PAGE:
If both the beneficiary and policyholder pass away at the same time, the benefit will be distributed as per the policyholders will.Back to top
When reviewing your life insurance policy, looking at the policy ownership is one way to make your cover more effective. If you are the life insured and the sole policy owner, then as mentioned previously, the benefit paid on your death is likely to go to your estate.
To avoid this, you may wish to consider making the person you want to benefit from the policy the owner of the policy. However, while this will ensure your beneficiary receives the benefit rather than your estate, it could be problematic if the beneficiary was your spouse and you were to become estranged or divorced, as you would then have no control over the policy.
As well as self-ownership, other forms of policy ownership include:
- Cross ownership. No longer popular due to the introduction of Capital Gains Tax (CGT) on compensation for injury or illness when someone other than the insured or a relative receives it.
- Joint ownership. While more affordable than two single policies, it only pays out once on the death of an owner and the other owner(s) are left with no insurance.
- Tenants-in-common ownership. Where benefits are received by the owner in proportion to their share in the policy. Not offered by many insurers these days.
- Business entity ownership. Where the policy is held for a revenue purpose. Here the business can claim a tax deduction for the premium and have the proceeds under its control.
- Super fund ownership. A popular option, as the premiums are funded by tax-deductible contributions and are tax deductible themselves.
When considering ownership during your policy review, it would be wise to seek professional advice from your insurer, adviser or financial consultant, as the implications of ownership can be complex and far-reaching.Back to top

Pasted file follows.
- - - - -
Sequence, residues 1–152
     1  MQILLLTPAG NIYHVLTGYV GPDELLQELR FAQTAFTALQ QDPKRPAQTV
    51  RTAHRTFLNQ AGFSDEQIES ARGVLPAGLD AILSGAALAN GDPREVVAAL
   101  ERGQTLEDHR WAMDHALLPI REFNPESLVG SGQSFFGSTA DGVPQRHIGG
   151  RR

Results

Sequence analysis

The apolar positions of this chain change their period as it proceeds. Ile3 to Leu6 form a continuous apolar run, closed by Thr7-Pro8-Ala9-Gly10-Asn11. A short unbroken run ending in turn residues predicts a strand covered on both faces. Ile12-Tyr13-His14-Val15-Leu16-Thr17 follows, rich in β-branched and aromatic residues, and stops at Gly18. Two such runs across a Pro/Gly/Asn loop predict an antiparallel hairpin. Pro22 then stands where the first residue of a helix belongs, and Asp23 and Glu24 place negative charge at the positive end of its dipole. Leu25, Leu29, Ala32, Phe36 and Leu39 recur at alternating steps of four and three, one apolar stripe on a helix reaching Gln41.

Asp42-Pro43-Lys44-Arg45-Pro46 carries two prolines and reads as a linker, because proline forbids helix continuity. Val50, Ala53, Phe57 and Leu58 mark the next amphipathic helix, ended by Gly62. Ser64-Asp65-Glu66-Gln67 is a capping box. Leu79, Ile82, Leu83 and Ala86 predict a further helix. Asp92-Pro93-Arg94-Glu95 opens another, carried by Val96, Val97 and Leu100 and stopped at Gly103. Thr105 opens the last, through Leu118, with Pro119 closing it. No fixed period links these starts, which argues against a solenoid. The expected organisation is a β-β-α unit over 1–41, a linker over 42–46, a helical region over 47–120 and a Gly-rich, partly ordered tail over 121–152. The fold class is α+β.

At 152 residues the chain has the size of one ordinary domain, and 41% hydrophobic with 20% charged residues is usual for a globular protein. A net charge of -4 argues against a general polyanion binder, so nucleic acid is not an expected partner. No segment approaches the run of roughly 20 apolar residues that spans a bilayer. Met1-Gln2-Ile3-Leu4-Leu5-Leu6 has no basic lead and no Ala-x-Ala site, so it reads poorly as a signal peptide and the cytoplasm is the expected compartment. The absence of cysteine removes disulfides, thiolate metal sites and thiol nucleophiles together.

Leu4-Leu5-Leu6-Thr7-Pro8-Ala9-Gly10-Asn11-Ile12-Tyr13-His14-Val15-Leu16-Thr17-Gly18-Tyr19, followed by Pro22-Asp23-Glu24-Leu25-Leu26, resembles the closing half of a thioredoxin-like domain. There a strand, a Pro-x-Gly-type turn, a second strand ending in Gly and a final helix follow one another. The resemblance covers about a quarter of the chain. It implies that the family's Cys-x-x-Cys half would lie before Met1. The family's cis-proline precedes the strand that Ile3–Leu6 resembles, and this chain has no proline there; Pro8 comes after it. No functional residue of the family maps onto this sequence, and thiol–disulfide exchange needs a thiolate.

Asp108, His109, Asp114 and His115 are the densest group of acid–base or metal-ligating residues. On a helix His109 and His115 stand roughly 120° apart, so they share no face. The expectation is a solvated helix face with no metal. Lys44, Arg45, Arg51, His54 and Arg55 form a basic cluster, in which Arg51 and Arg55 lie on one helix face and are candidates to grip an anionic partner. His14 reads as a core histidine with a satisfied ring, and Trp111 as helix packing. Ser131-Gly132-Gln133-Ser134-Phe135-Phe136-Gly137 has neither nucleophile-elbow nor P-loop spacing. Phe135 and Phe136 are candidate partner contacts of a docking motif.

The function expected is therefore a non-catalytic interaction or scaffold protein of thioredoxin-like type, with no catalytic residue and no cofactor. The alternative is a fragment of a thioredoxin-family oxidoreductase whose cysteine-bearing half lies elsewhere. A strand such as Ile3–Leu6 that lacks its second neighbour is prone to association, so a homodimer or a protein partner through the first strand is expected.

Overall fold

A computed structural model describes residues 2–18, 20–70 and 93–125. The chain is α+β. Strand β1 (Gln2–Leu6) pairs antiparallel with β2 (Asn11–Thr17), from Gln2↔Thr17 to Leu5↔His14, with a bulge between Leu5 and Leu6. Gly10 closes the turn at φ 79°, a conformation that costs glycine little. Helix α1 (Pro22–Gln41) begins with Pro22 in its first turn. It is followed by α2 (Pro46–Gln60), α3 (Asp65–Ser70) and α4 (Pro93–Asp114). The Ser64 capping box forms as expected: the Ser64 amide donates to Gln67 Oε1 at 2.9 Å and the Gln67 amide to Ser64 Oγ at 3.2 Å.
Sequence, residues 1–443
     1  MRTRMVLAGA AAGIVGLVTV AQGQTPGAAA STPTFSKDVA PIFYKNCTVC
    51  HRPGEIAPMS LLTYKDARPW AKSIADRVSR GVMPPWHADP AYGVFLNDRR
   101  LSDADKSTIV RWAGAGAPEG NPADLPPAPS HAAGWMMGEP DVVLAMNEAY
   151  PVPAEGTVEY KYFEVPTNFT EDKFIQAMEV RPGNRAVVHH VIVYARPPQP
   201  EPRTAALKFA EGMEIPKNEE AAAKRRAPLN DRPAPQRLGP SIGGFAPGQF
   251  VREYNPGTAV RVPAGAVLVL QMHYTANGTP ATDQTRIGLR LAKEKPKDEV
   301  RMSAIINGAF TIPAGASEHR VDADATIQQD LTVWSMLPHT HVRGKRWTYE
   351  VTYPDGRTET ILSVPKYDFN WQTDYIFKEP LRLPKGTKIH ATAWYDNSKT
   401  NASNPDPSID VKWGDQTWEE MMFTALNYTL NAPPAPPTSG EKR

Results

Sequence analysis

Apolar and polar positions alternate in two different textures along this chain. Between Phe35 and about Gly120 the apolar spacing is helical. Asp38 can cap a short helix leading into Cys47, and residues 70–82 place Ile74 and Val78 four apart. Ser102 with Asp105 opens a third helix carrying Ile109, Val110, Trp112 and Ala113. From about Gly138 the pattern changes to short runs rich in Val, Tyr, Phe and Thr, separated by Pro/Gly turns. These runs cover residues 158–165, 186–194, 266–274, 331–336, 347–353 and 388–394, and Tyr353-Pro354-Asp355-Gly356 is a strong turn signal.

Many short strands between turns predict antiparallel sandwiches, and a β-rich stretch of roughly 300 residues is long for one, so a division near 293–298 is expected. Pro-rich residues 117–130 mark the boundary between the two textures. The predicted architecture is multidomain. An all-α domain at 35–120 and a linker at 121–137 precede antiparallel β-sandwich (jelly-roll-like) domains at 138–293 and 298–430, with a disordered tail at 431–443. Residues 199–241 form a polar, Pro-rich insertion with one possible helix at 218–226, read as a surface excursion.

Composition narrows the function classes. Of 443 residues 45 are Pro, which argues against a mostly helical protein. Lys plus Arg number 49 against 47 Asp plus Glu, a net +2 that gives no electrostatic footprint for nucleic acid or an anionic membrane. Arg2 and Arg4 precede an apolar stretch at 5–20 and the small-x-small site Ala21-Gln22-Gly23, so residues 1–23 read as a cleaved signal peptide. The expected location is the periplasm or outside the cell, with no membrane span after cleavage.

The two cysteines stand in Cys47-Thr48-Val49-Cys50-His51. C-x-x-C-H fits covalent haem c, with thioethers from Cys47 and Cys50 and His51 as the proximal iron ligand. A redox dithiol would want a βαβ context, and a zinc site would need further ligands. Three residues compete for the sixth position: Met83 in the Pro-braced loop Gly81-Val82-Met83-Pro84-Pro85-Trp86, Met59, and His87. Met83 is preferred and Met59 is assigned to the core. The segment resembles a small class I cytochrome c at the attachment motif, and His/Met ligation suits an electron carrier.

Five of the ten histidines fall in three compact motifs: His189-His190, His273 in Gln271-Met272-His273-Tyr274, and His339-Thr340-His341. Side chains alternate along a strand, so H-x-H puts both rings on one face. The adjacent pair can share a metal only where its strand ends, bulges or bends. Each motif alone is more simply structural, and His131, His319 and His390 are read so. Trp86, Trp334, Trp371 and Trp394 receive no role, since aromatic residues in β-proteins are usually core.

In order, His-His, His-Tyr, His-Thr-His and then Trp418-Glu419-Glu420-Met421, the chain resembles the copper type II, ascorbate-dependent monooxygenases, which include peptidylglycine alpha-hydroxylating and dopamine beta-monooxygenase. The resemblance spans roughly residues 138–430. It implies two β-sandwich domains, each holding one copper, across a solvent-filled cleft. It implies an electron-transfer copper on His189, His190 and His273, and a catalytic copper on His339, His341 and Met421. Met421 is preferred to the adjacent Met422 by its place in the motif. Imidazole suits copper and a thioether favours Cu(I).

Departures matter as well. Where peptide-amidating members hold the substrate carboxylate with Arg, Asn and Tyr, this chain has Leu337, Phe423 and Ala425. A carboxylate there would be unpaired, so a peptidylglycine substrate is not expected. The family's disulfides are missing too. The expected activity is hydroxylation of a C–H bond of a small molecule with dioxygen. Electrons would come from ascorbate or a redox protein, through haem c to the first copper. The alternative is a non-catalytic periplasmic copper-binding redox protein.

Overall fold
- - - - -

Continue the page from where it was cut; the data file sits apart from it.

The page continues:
The other way to ensure that the right people receive the proceeds of your life insurance is to choose a policy that allows you to nominate your beneficiaries.
As the owner of the policy, you can nominate which beneficiaries are to receive what proportion of the benefit (must add up to 100% in total). This method allows you to remain in total control of the policy and also to direct the proceeds to the right beneficiaries.
The only drawback with this is if your policy is held within superannuation, as superannuation law states that the beneficiary can only be a dependant or your estate executor and that person will receive all of your superannuation, including your life insurance.Back to top
So, how do you make sure the ones the benefit goes to the right person? One way is to have an up-to-date will as part of your estate plan, which clearly identifies your wishes.
Another way is to choose a life insurance policy that contains inbuilt mechanisms to simplify and speed up the payment process. Many modern life insurance policies do this by allowing you to nominate ownership of the policy and also who your beneficiaries are to be.Back to top
The other way to ensure your beneficiaries receive the proceeds of your life insurance policy fairly and in a timely manner is to have an up-to-date will in place as part of an overall estate plan. A will not only directs the proceeds of your life insurance to the right people, but also ensures the correct distribution of the other assets that make up your estate.
A comprehensive estate plan would also cover circumstances such as power of attorney, where you nominate another person to make decisions on your behalf, should you be unable to do so.Back to top
As you get older, it is inevitable that your life insurance needs will change, which is another reason why it is important to review your policy on a regular basis. Possible changes to your circumstances and therefore your insurance needs can include:
- Change in family makeup. Children can leave home and start their own families and you may wish to extend cover to new grandchildren as well. Alternatively children could divorce and return home, requiring re-inclusion in your insurance cover.
- Change in finances. You may pay off your mortgage, reducing the amount of cover you may need or alternatively, you may suffer a financial loss and accrue debts, requiring additional cover.